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Race: America’s Achilles Heel

Bob Harris | Aug 2, 2015

The views expressed in our content reflect individual perspectives and do not represent the official views of the Baha'i Faith.

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Bob Harris | Aug 2, 2015

The views expressed in our content reflect individual perspectives and do not represent the official views of the Baha'i Faith.

We should manifest the spirit of justness and goodwill toward each other. Shall we do this, or shall we censure and pronounce anathema, praising ourselves and condemning all others? What possible good can come from such attitude and action? On the contrary, nothing but enmity and hatred, injustice and inhumanity can possibly result. Has not this been the greatest cause of bloodshed, woe and tribulation in the past? – Abdu’l-Baha, The Promulgation of Universal Peace, p. 410.

By far the most controversial issue Abdu’l-Baha addressed in 1912: his outspoken comments on race unity.

W.E.B. Dubois

W.E.B. Dubois

Abdu’l-Baha was a principal speaker at the 4th Annual Convention of the NAACP. He was deeply admired by the great black intellectual leader W.E.B. DuBois, and named one of the Men of the Month in the NAACP magazine, The Crisis.

He broke all kinds of rules and conventions by insisting that African American attorney Louis Gregory sit next to him at a segregated diplomatic dinner in Washington, D.C., and encouraged the inter-racial marriage of Louis and Louisa Gregory. He would not appear at a meeting if the venue was not open to all races. He spoke openly about the bloodshed and troubles that awaited America if the races continued this wretched separation. His example of bravery, contempt for the convention of the day, and his open association with leaders of all colors was calling America to live up to its founding principle that “all men are created equal.”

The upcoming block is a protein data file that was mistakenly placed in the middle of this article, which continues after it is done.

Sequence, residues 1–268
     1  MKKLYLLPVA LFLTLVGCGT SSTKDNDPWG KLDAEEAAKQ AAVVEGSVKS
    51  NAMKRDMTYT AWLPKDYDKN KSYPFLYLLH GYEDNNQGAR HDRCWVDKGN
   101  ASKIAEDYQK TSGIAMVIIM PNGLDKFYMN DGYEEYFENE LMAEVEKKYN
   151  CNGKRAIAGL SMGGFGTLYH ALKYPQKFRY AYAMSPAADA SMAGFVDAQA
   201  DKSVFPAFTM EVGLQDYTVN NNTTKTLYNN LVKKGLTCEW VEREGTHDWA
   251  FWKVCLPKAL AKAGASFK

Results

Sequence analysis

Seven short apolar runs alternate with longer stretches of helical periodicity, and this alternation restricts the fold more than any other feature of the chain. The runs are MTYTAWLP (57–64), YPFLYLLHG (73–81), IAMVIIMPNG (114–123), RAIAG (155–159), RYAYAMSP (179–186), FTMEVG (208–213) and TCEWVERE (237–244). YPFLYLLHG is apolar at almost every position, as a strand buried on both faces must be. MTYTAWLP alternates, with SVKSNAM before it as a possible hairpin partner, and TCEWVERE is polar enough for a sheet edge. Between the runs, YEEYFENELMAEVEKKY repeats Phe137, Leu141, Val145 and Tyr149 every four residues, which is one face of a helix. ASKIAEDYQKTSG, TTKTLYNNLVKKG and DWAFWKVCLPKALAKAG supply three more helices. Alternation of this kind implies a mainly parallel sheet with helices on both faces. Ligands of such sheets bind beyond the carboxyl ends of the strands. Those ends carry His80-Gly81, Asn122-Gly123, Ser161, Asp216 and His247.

Specifically, to the Baha’is, he assigned the duty of being ready to sacrifice all for this principle of unity, and work diligently to erase any and all barriers of race and color that separate people.

If more people then, and, if more people now responded to Abdu’l-Baha’s call, we might never have heard of the towns called Ferguson, Missouri, or Sanford, Florida, or a church in Charleston called “Mother Emanuel A.M.E. Church.”

The key, of course, is that we must love each other, overcoming any perceived obstacle. Baha’u’llah’s primary lesson is that we be united in mind and heart, that we trust each other. We, like the people in Charleston, must forgive each other. Our hearts must be pure, and we must be motivated by only the best and most noble intentions. During his Unity Feast in New Jersey in 1912, Abdu’l-Baha challenged the Baha’is to be the first to do this: “First, you must become united and agreed among yourselves… be exceedingly kind and loving toward each other.” – (all quotes from Abdu’l-Baha’s Unity Feast address, The Promulgation of Universal Peace, pp. 213-215.)

He wanted all of us to enjoy: “…inner and complete spiritual association,” to “become ignited and made radiant,” to make the “darkness of disagreements disappear.” He said “you must become one heart, one spirit,” “become the waves of one sea, stars of the same heaven, fruits adorning the same tree.”

Then he got very specific. If you are looking for a reason to get up in the morning, if you are looking for a project for your life, listen to what Abdu’l-Baha said right here in in 1912: “Your utmost desire must be to confer happiness upon each other.”

Think about it: exactly why should we make each other happy?

“. . . that through you the oneness of humanity may establish its temple in the world of mankind, for you are the ones who are called to uplift the cause of unity among the nations of the earth.”

So, dear friends, let us be the people who do listen and do respond to Abdu’l-Baha’s call from 1912.

Let us vow that next year we will bring some new friends to this Unity Feast, whether we come in person or host a feast of unity anywhere in the world. Let us vow that we will let those new friends see what unity looks like. Let us vow that they experience what unity can truly feel like. Let us vow to let them hear what the songs of peace and harmony sound like, and let them have a small taste of what the future can bring, if we listen to Abdu’l-Baha, and if we follow his advice from 1912.

In the words of Abdu’l-Baha, “Your utmost desire must be to confer happiness upon each other.”

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